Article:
Cold Mountain . . . soared in his mind as a place where all his scattered forces might gather. Inman did not consider himself to be a superstitious person, but he did believe that there is a world invisible to us. He no longer thought of that world as heaven, nor did he still think that we get to go there when we die. Those teachings had been burned away. But he could not abide by a universe composed only of what he could see, especially when it was so frequently foul.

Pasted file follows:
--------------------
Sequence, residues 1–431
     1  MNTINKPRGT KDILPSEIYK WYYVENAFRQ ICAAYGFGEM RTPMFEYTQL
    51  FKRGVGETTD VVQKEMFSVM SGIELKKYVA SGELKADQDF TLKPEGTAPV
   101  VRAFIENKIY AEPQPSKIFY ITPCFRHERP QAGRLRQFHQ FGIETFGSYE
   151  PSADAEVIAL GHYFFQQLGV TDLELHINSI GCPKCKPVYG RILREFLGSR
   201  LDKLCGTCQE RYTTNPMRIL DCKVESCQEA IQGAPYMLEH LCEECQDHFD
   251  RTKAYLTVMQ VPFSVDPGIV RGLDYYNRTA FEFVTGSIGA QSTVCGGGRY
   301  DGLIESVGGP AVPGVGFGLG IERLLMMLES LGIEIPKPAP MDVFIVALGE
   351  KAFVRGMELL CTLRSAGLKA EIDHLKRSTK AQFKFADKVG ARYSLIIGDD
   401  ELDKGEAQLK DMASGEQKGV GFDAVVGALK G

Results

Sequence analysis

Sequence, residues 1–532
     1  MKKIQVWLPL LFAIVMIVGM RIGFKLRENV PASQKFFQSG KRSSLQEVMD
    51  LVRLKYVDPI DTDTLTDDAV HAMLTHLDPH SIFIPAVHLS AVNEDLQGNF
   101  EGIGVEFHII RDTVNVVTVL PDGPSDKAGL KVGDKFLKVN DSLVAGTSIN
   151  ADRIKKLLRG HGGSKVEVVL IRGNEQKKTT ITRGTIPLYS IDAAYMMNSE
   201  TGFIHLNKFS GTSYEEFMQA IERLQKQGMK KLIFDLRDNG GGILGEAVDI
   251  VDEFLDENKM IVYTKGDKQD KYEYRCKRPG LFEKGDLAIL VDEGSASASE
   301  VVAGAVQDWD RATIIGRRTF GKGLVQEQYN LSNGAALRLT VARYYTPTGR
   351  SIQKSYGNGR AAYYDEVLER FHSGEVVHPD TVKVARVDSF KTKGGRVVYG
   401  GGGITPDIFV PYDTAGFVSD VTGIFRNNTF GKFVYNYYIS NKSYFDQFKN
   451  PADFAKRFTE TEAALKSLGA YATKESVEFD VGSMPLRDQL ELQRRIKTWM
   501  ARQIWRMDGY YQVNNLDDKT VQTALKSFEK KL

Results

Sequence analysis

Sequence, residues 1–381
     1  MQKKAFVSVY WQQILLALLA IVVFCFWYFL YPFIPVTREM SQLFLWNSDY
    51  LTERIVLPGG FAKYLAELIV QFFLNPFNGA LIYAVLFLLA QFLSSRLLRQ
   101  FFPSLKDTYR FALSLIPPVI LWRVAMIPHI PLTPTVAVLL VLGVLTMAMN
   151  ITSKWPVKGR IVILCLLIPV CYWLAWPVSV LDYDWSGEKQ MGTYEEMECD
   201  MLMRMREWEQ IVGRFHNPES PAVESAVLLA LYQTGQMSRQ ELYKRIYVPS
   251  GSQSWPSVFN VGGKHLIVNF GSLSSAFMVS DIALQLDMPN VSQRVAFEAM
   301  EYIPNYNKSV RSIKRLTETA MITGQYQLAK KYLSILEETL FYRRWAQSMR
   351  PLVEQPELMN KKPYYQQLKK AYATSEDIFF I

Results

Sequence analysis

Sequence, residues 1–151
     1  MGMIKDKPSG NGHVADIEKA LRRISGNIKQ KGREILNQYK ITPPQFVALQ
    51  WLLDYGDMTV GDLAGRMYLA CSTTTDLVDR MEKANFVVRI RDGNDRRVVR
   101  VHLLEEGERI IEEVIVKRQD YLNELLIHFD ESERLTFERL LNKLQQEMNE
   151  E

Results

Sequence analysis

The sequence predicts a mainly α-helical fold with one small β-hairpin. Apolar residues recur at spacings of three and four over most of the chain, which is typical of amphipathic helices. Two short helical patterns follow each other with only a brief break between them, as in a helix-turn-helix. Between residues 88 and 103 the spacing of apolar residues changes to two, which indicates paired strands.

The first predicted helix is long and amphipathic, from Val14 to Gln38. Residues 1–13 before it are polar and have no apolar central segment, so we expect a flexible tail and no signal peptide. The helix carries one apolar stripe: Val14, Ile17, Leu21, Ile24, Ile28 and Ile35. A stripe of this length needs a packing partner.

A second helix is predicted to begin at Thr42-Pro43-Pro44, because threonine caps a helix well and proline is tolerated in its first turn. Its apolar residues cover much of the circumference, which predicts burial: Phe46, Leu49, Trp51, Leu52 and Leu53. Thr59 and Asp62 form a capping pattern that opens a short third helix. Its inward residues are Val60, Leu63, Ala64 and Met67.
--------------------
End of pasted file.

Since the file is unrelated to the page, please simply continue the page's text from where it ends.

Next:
These lines come from the first chapter of the novel, “the shadow of a crow,” in which Inman convalesces in an army hospital before setting out on his epic journey home to Cold Mountain. They suggest that Inman sees Cold Mountain as a healing place, a spiritual sanctuary where he can retreat from the sufferings of the world. Frazier shows that Inman has to believe in a world other than the one he inhabits since his existence itself seems pointless. All that surrounds Inman is misery, putrefaction, and partition. His sentiments propose that the only way to accept that there is no order to this world is to know that harmony exists elsewhere. Inman’s philosophy is made more poignant by the fact that his yearning for spiritual understanding overlaps with his longing to return home. In the novel, Cold Mountain is both a physical and spiritual place. It is simultaneously Inman’s home and a refuge for his soul.